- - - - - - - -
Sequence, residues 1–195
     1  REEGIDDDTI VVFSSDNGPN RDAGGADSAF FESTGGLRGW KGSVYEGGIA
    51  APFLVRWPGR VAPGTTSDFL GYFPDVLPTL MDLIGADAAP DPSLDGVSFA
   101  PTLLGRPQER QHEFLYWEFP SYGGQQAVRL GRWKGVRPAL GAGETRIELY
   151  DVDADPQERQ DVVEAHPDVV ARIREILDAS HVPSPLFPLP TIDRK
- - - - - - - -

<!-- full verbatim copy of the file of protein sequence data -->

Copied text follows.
Sequence, residues 1–195
     1  REEGIDDDTI VVFSSDNGPN RDAGGADSAF FESTGGLRGW KGSVYEGGIA
    51  APFLVRWPGR VAPGTTSDFL GYFPDVLPTL MDLIGADAAP DPSLDGVSFA
   101  PTLLGRPQER QHEFLYWEFP SYGGQQAVRL GRWKGVRPAL GAGETRIELY
   151  DVDADPQERQ DVVEAHPDVV ARIREILDAS HVPSPLFPLP TIDRK